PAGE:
The overbearingly truth is that major label ethics can be very, very sleazy. From the little bit that I’ve seen from friends of mine that have signed on to the major game, everything changes completely. Even in a strict financial sense, history has proven that it works out for very few bands, and even when it does, I’m not into an economy that (to quote from Steve Albini’s article in the ages-old Maximum RocknRoll issue on major labels) makes the label $710,000, the producer $90,000, the manager $51,000, and, finally, the band $16,000. The real atrocity here is that the label made forty-five times more than the band, and the guys getting the kickbacks off the band probably know little to nothing about the band. There have been countless articles written on this, and there have been major-label bands that superceded the law, bands like Beck. But still, and keep in mind that this paragraph is only in reference to the finances and not the “artist shall have all control over her art” type thing, to go into one of these deals is a gamble that is usually lost by the band. It has, sadly, been proven over time. Which is to say that to encourage someone to be the next RATM is to encourage someone to shoot themselves in both feet.
Lately I’ve been almost obsessing over the idea of other people making money off of me working. I quit my job and got a job at a nonprofit, where there are no kickbacks to dudes in suits or higher-up positions. Of course, I recently got fired when I left for three months of touring, but I liked the place. There was no attitude, barely any superiors, and I felt good about what I was doing. In response to your question “do you think that getting famous is the ultimate act of subversion?” I say, no: getting famous on your own terms is the ultimate act of subversion.
RC: Whom do you read and respect?
AB: Milan Kundera’s Unbearable Lightness of Being (Harper & Row, 1984) is a good book; I also like Don DeLillo a lot, particularly White Noise (Viking, 1985). Jerry Mander’s Four Arguments for the Elimination of Television (William Morrow, 1978) is a good nonfiction choice. Orwell, Camus, Kafka, Salinger are good classics. Recently I’ve been getting really into the author John Fante.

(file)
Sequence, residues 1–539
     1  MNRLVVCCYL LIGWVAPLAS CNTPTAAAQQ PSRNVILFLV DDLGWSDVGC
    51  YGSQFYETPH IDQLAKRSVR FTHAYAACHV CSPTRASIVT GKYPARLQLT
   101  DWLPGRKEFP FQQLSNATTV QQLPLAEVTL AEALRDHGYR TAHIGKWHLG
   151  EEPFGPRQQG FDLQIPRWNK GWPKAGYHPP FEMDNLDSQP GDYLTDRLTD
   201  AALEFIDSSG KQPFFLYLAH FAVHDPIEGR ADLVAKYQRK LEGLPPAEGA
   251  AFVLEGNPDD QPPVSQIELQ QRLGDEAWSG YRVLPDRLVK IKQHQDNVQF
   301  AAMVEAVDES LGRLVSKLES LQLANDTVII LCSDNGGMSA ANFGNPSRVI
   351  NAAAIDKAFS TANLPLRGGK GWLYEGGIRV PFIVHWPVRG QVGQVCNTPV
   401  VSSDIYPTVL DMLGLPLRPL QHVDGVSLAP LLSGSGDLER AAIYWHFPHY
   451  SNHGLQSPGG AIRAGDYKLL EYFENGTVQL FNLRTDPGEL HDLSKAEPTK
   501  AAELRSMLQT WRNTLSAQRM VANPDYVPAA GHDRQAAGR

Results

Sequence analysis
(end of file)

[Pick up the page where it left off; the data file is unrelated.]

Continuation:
DL: I’ve always been into the old Russian writers. Dostoevsky is my favorite. Tolstoy and the like, Camus (though French), Mark Twain. I know, I know, all this stuff is as old as rocks, but fantastic nonetheless.
RC: What made technology such a major theme in Milemarker songs?
AB: People occasionally misinterpret our band as very sci-fi and future-obsessive, when this is actually not the case at all. For instance, the opening line of Frigid Forms Sell:
We keep waiting for the robots to crush us from the sky
They sneak in through our fingertips and bleed our fingers dry.
Sounds like the press kit to The Matrix, but the giant robot has been a popular allegorical symbol since World War II, particularly in Japanese cartoons and movies, I would say clearly representing anxiety over nuclear war. So the point there is that we’re all looking for the big, instantaneous Armageddon ending (witness people’s susceptibility to Y2K panic), while the actual dangers are right under our fingers, in the small and mundane encroachments technology makes into our daily lives. An example: I was talking to my co-worker the other day and she mentioned how she has to get a stronger prescription for her glasses. She said that the eye doctor had told her that her eyesight would continue to deteriorate unless she stopped working with computers. “But in this day and age I don’t really see how I can do that,” she said. It struck me as really crazy that this person was literally making the choice to give up her eyesight so as not to go against the status quo of technological advancement. That’s a totally fucked-up world to be living in, and this is the sort of thing that people deal with right now on a daily basis. So I think the root of any technological obsession or phobia you might pick up on just comes from being freaked out about the contemporary state of things.
DL: Al is the real technology freak. He has written most of the songs that are about such things. I’ve always thought that his best subjects come from observing the world around him, figuring out what makes him feel uncomfortable or alienated, and writing about that discomfort.
RC: Anything else you guys are working on that you would like to bring up here?
AB: Dave and I are always working on some printed matter or other; the new MediaReader should be out soon enough, and my ’zine Burn Collector should have a new issue out, oh, who knows when, probably not for a while. You can contact PO Box 641544, Chicago, IL 60644 for more info about these publications. Roby continues to make things at such a furious pace that anything I could mention would be outdated before I even finished typing. She’s been contemplating putting together a video compilation of her puppet shows, which I wish she would do some day, as the world would be a kinder and more palatable place if such an object existed.
DL: The new issue of MediaReader, issue #5, should be completed by mid-January and set to go on tour with MM (U.S. tour Jan/Feb). Should be pretty exciting this time around. A bit bigger, a lot fancier, and still free.
Here’s the video for “New Lexicon” (runtime: 3:26) from Future Isms: